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Flat front label of wine

Chateau Grande Cassagne Grenache Syrah 2010

Rhone Red Blends from France
    0% ABV
    • WE87
    • RP88
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    Winemaker Notes

    Planted in their vineyards is very old Grenache of nearly 60 years,as well as 40 year old plantings of Syrah. Serious leaf-pulling andcrop-thinning is practiced each vintage by the Darde brothers toensure maximum ripeness and deep, saturated wines. To say theleast, we are proud of the results.
    The Grenache is tank-fermented, with a small portion of the Syrah cask-aged. Rich in color, this wine exudes powerful red fruits and spice. The wine is well textured with ripe tannins that lay behind the fruit to create this wonderfully juicy, round wine. Rich in color and flavor, this inexpensive red will age gracefully over the next two to five years.The blend is 60% Grenache & 40% Syrah.

    Critical Acclaim

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    Chateau Grande Cassagne

    Chateau Grande Cassagne

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    Chateau Grande Cassagne, France
    Located 25 miles west of Avignon in the small village of St. Gilles, is the area called "Les Cassagnes". The Darde brothers, Laurent and Benoît, farm 80 acres of rocky benchland here, and produce by hand, terrific wines on their estate Grande Cassagne.

    Nearly synonymous with fine wine and all things epicurean, France has a culture of wine production and consumption that is deeply rooted in tradition. Many of the world’s most beloved grape varieties originated here, as did the concept of “terroir”—soil type, elevation, slope angle and mesoclimate combine to produce resulting wines that convey a sense of place. Accordingly, most French wine is labeled by geographical location, rather than grape variety. So a general understaning of which grapes correspond to which regions can be helpful in navigating all of the types of French wine. Some of the greatest wine regions in the world are here, including Bordeaux, Burgundy, the Rhône, and Champagne, but each part of the country has its own specialties and strengths.

    Pinot Noir and Chardonnay, are the king and queen of Burgundy, producing elegant red and white wines with great acidity, the finest examples of which can age for decades. The same varieties, along with Pinot Meunier, are used in Champagne. Of comparable renown is Bordeaux, focused on bold, structured red wines made of blends of Cabernet Sauvignon, Merlot, Cabernet Franc including sometimes a small amount of Petit Verdot or Malbec. The primary white varieties of Bordeaux are Sauvignon Blanc and Sémillon. The Rhône Valley is responsible for monovarietal Syrah in the north, while the south specializes in Grenache blends; Rhône's main white variety is Viognier.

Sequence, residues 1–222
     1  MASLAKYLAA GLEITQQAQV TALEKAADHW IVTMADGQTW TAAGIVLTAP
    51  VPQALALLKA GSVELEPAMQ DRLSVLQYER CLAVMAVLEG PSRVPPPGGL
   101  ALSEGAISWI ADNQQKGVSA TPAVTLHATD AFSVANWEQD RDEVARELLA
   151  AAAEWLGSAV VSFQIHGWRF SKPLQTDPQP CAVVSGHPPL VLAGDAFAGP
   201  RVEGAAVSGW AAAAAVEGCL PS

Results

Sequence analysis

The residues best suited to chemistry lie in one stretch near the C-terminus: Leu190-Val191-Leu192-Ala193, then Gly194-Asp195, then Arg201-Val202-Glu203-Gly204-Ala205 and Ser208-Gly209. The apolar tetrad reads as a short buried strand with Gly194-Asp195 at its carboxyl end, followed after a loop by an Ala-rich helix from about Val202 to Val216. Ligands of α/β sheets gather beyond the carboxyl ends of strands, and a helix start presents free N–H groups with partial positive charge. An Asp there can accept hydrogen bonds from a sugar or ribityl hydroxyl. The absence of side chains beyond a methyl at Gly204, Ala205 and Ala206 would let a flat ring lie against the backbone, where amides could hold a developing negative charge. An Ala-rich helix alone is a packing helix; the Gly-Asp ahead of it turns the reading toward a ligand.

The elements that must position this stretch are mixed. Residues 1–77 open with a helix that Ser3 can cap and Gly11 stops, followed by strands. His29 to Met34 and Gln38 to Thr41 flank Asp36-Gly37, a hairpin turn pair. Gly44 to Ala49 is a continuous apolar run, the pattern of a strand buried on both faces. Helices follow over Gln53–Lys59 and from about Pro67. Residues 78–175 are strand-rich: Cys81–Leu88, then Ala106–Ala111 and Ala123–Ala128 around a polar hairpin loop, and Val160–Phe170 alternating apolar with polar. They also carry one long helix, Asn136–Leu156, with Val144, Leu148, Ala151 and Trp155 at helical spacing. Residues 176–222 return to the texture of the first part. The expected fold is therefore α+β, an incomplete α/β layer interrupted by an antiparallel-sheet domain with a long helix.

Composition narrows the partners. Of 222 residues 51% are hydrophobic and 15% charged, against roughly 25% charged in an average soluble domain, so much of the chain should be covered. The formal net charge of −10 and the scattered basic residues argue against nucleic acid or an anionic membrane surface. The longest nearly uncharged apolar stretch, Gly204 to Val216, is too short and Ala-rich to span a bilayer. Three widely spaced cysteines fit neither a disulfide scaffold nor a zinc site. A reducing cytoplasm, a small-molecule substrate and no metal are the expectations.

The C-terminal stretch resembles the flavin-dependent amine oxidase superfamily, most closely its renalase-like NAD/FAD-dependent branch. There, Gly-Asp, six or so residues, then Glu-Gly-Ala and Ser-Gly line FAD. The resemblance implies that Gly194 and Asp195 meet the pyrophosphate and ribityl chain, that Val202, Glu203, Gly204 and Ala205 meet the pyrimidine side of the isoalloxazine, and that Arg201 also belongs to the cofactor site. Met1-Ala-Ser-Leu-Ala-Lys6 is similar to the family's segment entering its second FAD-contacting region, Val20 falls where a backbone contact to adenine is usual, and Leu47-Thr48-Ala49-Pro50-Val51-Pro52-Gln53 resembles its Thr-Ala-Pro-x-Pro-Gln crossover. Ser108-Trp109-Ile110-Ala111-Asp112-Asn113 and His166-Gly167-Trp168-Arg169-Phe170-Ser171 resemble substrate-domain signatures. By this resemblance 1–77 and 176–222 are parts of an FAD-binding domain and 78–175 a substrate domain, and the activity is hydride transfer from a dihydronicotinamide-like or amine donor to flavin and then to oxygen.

Most of these grape varieties are planted throughout the country and beyond, extending their influence into other parts of Europe and New World appellations.

    Rhône Blends

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    With bold fruit flavors and accents of spice, Rhône red blends originated in France’s Southern Rhône valley and have become popular in Priorat, Washington, South Australia, and California’s Central Coast. In the Rhône itself, 19 grape varieties are permitted for use, but many of these blends, are based on Grenache and supported by Syrah and Mourvèdre, earning the nickname “GSM blends.” Côtes du Rhône and Châteauneuf-du-Pape are perhaps the best-known outposts for these wines. Other varieties that may be found in Rhône blends include Carignan, Cinsault, and Counoise.

    In the Glass

    The taste profile of a Rhône blend will vary according to its individual components, as each variety brings something different to the glass. Grenache, which often forms the base of these blends, is the lightest in color but contributes plenty of ripe red fruit, a plush texture, and often high levels of alcohol. Syrah supplies darker fruit flavors, along with savory, spicy, and meaty notes. Mourvèdre is responsible for a floral perfume as well as body, tannin, and a healthy dose of color. New World examples will lie further along the fruit-forward end of the spectrum, while those from the Old World taste and smell much earthier, often with a “barnyard” character that is attractive to many fans of these wines.

    Perfect Pairings

    Rhône red blends typically make for very food-friendly wines. Depending on the weight and alcohol level, these can work with a wide variety of meat-based dishes—they play equally well with beef, pork, duck, lamb, or game. With their high acidity, these wines are best-matched with salty or fatty foods, and can handle the acidity of tomato sauce in pizza or pasta. Braised beef cheeks, grilled lamb sausages, or roasted squab are all fine pairings.

    Sommelier Secret

    Some regions like to put their own local spin on the Rhône red blend—for example, in Australia’s Barossa Valley, Shiraz is commonly blended with Cabernet Sauvignon to add structure, tannin, and a long finish. Grenache-based blends from Priorat often include Carignan (known locally as Cariñena) and Syrah, but also international varieties like Merlot and Cabernet Sauvignon. In California, anything goes, and it is not uncommon to see Petite Sirah, Zinfandel, or even Tempranillo make an appearance.

    MNC13509F_2010 Item# 126399